Ghana, like other African countries was hit by the coronavirus pandemic. By estimate, Ghana was hit by approximately 5% of gross domestic product (GDP) in 2020, the year the pandemic was bookmarked to have peaked.
Beyond this headline estimate, several detailed impacts have already become clearer. To curtail the pandemic, governments implemented a variety of mitigation strategies that were pivotal in preventing the spread of the virus across the country. These measures brought a temporary halt to much of the country’s social and economic life, making the pandemic likely to have an impact into the foreseeable future (post-Covid).
With each of the 16 regions, with different human characteristics and demographics facing its covid cases, it is possible to identify several common Covid-related impacts:
First, the pandemic has accelerated the growth rate of prices of food products and services. In 2020, few days before lockdown, Ghana witnessed an incidence of panic buying and stocking up. Prices of some food products and services increased by two thirds. And some of these products and services since then have not seen a drop in prices even after the event period. A case is seen in the hike of transport prices when vehicles could not hold a full capacity hence passengers had to pay extra to cater for empty seats. This transport fares were not dropped even when full capacity was resumed in certain part of the region especially Accra. These social effects were more difficult to track using headline data, but these has become clearer in terms of the current inflation trend.
Secondly the pandemic has caused an increase in inequalities between societal groups, impacting their lives in areas such as mental health, personal safety, income, and education. According to results from a COVID-19 Business Tracker Survey conducted by the Ghana Statistical Service (GSS), in collaboration with the United Nations Development Programme (UNDP), and the World Bank Ghana, Ghana saw the wages of about 770,000 (i.e., 25.7%) of its total workforce being reduced and about 42,000 employees were laid off during the country’s COVID-19 partial lockdown. The pandemic also led to reduction in working hours for close to 700,000 workers. For education, children were forced to stay away from school, where the country witnessed well-resourced private schools hosting classes, tutorials, or lectures online at the expense of rural or resource-handicapped folks who had no option but to stay home till the pandemic is curtailed to an extent. These factors alone currently have accelerated trends spurring inequality.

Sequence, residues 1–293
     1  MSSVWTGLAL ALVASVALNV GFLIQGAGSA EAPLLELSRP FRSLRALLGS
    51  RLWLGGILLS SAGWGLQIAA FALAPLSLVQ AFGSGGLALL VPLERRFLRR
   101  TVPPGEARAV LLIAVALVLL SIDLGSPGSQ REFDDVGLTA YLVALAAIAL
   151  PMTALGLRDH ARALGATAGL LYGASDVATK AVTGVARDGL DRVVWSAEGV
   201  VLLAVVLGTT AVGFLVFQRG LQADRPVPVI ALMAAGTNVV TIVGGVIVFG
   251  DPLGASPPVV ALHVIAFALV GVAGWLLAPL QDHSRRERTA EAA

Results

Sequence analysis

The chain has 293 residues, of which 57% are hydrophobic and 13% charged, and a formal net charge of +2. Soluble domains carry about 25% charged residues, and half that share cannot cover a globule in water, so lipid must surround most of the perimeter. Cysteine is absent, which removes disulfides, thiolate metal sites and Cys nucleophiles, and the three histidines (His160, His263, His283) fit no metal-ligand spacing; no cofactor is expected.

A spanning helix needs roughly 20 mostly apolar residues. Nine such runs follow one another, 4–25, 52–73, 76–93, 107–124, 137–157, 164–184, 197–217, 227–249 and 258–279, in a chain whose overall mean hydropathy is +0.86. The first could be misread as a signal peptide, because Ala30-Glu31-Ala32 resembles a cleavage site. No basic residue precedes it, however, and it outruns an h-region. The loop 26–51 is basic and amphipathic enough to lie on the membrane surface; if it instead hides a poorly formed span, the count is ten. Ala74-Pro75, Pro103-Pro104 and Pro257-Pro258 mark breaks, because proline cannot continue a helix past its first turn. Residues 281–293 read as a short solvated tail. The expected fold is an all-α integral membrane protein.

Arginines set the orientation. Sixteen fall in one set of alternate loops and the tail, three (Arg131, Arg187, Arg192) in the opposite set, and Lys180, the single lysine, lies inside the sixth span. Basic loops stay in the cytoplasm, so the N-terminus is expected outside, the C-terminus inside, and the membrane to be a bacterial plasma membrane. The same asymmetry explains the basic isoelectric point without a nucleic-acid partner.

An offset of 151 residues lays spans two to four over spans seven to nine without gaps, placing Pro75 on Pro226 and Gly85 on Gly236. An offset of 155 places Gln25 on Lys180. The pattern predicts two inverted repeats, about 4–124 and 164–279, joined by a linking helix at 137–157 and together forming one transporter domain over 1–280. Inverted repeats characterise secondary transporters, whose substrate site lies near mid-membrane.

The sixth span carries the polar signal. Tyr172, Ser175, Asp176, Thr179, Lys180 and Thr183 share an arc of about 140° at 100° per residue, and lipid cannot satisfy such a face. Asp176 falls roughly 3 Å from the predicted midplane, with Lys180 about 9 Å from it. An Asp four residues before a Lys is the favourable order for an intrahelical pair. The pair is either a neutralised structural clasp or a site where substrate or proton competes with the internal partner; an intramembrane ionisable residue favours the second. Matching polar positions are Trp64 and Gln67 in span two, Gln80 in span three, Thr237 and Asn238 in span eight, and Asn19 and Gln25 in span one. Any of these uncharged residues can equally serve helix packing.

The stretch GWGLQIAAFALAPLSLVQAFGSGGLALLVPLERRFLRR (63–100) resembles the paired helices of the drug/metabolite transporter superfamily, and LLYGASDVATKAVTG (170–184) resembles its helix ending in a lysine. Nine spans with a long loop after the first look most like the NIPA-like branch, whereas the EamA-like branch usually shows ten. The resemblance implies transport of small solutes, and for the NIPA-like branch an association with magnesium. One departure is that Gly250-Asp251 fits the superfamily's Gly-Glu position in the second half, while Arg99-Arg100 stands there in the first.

To add to the above, government revenues fell by 50% during covid. Also, forecasted rate of revenue growth is currently lagging since the country is still recovering post covid. Not only was Ghana hit by shortfall in Oil revenue, but exports and imports revenue shortfalls had a role to play in revenue lag. Ghana also experienced a drop in tax revenue projections/expectations due to lay-offs and reduced wages. Businesses especially the tourism sector are yet to recover, re-employ and reset themselves up post-covid which is likely to take about 3 years. These revenue lags are some of the causing agents to an increasing government debt from GHS 40.1 billion to GHS 391 billion as at first quarter of 2022; because revenue shortfall means borrowing more to finance government expenditure.
Rapid digitalization has been a positive characteristic of the pandemic. Although Covid-19 had led to a rapid rise in teleworking and increased digital usage, especially in urban areas with an educated workforce, it has brought into focus the increasing digital divide that exists both within urban and between rural and urban regions in Ghana. This concern highlights the need for urgent actions to close the gap.
Although government has implemented several initiatives to address the challenging impacts of covid in the post-covid era, there is still more to be done.
A July 2020 OECD (Organization for Economic Co-operation and Development) report on policy responses to Covid-19 sets out several pathways which can be adopted by the Ghana government to address these challenges post-covid.
The report points out that countries cannot face the challenge of recovery on their own, emphasizing that recovery is a shared duty across all levels of government. The importance of multilevel partnership approaches was highlighted by the Commission’s report, which considers that regional recovery from the pandemic is dependent on place-based, multilevel, and partnership-led approaches, supported by effective policies and instruments.
Also, it spells out the need to focus on addressing the structural inequalities magnified by the pandemic. the OECD argues that economic recovery should be paired with a focus on environmental sustainability and consider the pivotal role of digitalization.
Outside the scope of this report, Ghana’s economic policy responses are still timid. There should be fiscal and monetary easing. Ghana has little capacity for stimulus and relief packages, considering the job losses and collapse of businesses. Over time citizens may want to see government interventions to support the unemployed, firms, workers, and the poor.
This analysis is evolving and has been informed and inspired by conversations with colleagues and references to existing data. It should be emphasized that many impacts are anecdotal and based on partial data. Official and more comprehensive data will become available over time.
Edem Korbla Agbavor